"I Have Reservations"


"I Have Reservations"

Last August, when it became clear my dad could no longer manage at home (even with me at home with him), my brother and I made arrangements for a respite stay for him. When my mom moved from the hospital to a facility for a rehab stay, I chose a facility that had an assisted living section that offered respite stays -- just in case. The "just in case" happened soon after my mom's arrival when we moved my dad into my mom's room and, a week later, into an apartment in the facility's assisted living section.

When we mentioned the idea of my dad moving from the house to the facility, he immediately began packing his bag. He couldn't leave fast enough.

Yesterday, I sat with my dad as the movers rolled furniture out of their apartment in the retirement community. "Are you excited to move into the new apartment?" I asked.

He sat, expressionless. Finally, he answered, "I have reservations."

Earlier, he sat with my brother. "I hope we're doing the right thing," he said to my brother. My brother later said my dad was upset as he said good-bye to the staff and other residents.

My mom explained to my sister that my dad experienced shortness of breath on Thursday night as they walked their frozen food to the new apartment. (Their apartment is across the street from the retirement community.) My dad's shortness of breath was a problem at home. It disappeared once he left the house.

My mom, on the other hand, is ecstatic to be living in such a beautiful apartment. In this beautiful apartment, they now will be responsible for doing and organizing everything. Or, I should say, my siblings and I will be helping my parents manage the responsibility of living on their own.

I have such a feeling of doom about this move. My siblings encourage me to think positive and to hope for the best.

I guess I'm positive my parents will not be able to manage in the apartment and that the stress of living in the apartment will soon take its toll on my dad's health. I'm positive I see another move in the not-too-distant future.

My parents, though, may prove me wrong. Time will tell.

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My heart is so heavy for your family, Denise. I feel for your dad who must truly be between a rock and a hard place. How much he must want to please your mother, and also try to do the right thing with their resources, but reality crowds in. How hard it is to carry all that, and the memories of previous failures and obstacles. You are your siblings continue to use the utmost respect for your parents and their wishes, which is remarkable and courageous. All of us here, reading your story, know how sincere you are to your core about wanting the best for them. Thank you for sharing.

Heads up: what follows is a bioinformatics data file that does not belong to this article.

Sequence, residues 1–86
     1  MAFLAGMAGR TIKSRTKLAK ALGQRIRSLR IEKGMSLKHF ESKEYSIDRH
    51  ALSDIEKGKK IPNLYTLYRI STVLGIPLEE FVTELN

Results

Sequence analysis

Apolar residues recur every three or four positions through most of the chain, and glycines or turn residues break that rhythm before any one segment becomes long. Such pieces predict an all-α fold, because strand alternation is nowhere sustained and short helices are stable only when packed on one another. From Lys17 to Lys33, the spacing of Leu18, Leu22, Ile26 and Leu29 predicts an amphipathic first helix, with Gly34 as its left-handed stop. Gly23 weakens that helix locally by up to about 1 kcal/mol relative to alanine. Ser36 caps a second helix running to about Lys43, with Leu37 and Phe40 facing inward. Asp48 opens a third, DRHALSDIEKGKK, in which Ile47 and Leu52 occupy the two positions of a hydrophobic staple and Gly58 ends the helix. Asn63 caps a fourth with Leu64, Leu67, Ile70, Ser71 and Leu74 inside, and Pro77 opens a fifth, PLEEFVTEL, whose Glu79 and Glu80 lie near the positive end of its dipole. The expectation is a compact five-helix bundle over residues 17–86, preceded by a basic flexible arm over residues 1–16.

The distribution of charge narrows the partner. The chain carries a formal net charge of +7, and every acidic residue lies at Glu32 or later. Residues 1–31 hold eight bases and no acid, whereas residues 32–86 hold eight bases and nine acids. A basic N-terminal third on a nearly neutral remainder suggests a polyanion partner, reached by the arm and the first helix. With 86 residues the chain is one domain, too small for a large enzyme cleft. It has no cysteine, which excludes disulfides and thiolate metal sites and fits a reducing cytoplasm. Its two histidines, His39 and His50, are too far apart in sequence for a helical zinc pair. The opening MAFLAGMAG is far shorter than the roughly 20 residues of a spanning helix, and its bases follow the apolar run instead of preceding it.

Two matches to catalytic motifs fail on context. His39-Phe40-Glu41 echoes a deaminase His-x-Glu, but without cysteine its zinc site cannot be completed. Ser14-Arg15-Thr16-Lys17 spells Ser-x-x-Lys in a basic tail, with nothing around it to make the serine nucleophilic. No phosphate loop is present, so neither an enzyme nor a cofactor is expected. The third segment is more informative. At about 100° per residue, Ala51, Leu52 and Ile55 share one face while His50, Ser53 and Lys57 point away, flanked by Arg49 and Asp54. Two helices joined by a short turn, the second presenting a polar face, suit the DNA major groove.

Gosh, so much has transpired in less than a year. \r\nYour feelings of doom sound like heartfelt concerns.\r\nYou are a very knowledgeable professional in elder care , \r\nIt's so sad they wouldnt listen to reason and trust your guidence.\r\nI admire how you have respected your folks choices, knowing they arent the best ones.


Sounds like one of those situations where I actually hope and pray that I'm wrong. Your parents, like mine, may be alot better off in assisted living, but fight the whole idea tooth and nail. God knows why. I hope it works out well for your Dad.

Lillie Fuller

I really wish the best for all of you. I can't imagine how emotional this is for you, watching the changes and knowing in your heart that your dad knows it's not the thing to do. Thank you so much for sharing with us, thank you for trusting us with your story. I appreciate you.